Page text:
Thursday, June 18, 2009

The Pushing Exercise

This is a corollary to my previous blog post, "An Open Letter to New York Dog Trainers."

How to Do the Pushing Exercise
Some dogs play tug naturally, others have to be taught how. 
That's where "The Pushing Exercise" comes in handy!  

In Natural Dog Training one of the most important and pivotal exercises we do is called “the pushing exercise,” where we hand feed a dog outdoors, encouraging the pooch to push against us while he or she eats. Kevin Behan the originator of NDT, and the nation's premiere expert on the rehabilitation of problem dogs, particularly those with severe aggression problems — created this exercise, as an outgrowth of the work he did for many years training police dogs, border patrol dogs, and detection dogs. In order to build a dog's drive to the levels needed in such work a trainer will often play tug-of-war and then push against the dog as he's tugging on the toy. This builds the dog's drive and makes him more reliable in a crunch situation.

One of the things the pushing exercise does is it creates a better emotional bond between you and your dog. But it's also amazingly effective at solving all kinds of behavioral problems, particularly those that are fear-based.


All behavior is an expression of energy, but energy always has to flow toward something. And sometimes a dog's emotional energy gets blocked by past experiences, fears, lack of confidence, etc. The pushing exercise can help a dog learn how to push past her internal resistance, her emotional barriers, and whatever other kinds of energy blocks she might be experiencing. Once she does, she'll be happier, more confident, plus a lot more obedient.

All dogs are good dogs, some just need a little push!

NOTE: This version of the exercise is designed to be used by the average dog owner, one whose dog has mild to moderate behavioral problems. Do not try this with a dog who's aggressive toward humans over food. You have to either do some preliminary work with such dogs before moving on to the pushing exercise, or leave it in the hands of an experienced professional.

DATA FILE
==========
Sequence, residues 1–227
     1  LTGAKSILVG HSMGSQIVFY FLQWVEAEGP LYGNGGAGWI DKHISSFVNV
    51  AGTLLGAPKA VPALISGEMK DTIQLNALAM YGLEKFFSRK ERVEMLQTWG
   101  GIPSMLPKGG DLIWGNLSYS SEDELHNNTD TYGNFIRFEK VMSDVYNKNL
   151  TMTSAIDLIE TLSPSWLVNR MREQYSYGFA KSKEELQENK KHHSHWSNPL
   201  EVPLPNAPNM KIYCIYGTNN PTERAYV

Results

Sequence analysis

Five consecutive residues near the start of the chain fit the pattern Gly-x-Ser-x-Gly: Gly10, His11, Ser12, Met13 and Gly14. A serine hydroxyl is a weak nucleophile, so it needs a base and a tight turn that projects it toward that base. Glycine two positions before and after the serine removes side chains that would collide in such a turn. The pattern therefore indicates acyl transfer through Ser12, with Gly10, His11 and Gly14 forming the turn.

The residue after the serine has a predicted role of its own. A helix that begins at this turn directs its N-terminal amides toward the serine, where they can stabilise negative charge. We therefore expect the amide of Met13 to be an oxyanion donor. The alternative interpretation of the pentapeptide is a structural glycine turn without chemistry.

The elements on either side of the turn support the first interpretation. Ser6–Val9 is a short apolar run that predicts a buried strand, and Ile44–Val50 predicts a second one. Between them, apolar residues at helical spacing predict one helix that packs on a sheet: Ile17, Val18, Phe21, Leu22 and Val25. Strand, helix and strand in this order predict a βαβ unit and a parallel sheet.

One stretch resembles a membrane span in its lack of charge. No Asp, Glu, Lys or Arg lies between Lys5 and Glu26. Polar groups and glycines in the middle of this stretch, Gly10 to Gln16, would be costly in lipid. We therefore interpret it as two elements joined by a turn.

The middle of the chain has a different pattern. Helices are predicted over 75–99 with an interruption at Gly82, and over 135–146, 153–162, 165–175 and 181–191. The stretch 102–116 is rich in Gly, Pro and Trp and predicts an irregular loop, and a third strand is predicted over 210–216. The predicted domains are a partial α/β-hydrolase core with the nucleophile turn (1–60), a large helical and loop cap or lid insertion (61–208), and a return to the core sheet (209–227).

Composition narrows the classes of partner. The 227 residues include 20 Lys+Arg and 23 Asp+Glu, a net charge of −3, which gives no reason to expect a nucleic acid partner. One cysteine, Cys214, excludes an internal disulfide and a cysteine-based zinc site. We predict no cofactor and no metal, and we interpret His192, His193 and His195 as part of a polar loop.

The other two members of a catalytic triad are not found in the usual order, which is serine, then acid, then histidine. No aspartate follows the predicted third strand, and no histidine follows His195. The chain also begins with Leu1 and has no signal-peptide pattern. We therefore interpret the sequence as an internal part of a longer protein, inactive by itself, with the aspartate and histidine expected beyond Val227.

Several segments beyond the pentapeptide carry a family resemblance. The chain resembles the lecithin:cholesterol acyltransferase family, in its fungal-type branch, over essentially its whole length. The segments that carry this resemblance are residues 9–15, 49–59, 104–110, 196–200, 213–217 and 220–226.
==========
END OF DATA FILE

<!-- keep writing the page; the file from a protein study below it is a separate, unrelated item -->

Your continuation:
At meal time, take the dog outdoors, on-lead, to a quiet spot with few distractions. Have her morning or evening meal in a bait bag (or you can use a leather nail bag from the hardware store). It’s a good idea to feed the dog only half her usual fare at her previous meal so that she’ll come into this exercise with more desire to eat than usual.

When you find a good spot, stop walking, calmly stroke her and praise her. Scruff her under the chin or scratch under her ears. Set up a warm, convivial feeling.

Take an open, loose, non-threatening stance, not directly head-on, but at a kind of 3/4 degree angle, with your legs apart so when she comes to take the food from your hand she’ll be coming at a more direct angle. You don’t want her coming in from either your right or left side—she should come straight between your legs.

With some dogs I do the exercise while seated, but keep the same loose body language.

Bend your knees slightly, but lean back from the hips in what I call the “Kramer.” But keep your shoulders rounded, not stiff. This stance will automatically encourage your dog to want to come toward you. (She might not at first, but she’ll at least have some desire to do so, much more so than if you stand close and loom over her).

Grab a handful of food from the bag. I like to use my non-dominant (left) hand for the food (I’m right handed). Also, if the dog eats kibble I usually marinate it in hot water for 20 mins. or so, until it’s nice and mushy; I also like to add some juicy chicken or bits of steak, or some tasty canned food as well. Sometimes a dog I’m working with will be eating a raw food diet. That’s fine too. I always wear a latex glove on my food hand.

Show the dog that you have a nice handful of yummy food. Praise her for showing interest in it. Then close your fingers gently across your palm (covering the food), and say, in a warm, gentle tone of voice, “Wait…” And as you can see the dog holding her energy back for a second or so, say, “Good… Ready!” in a happy tone, then open your hand and let her eat.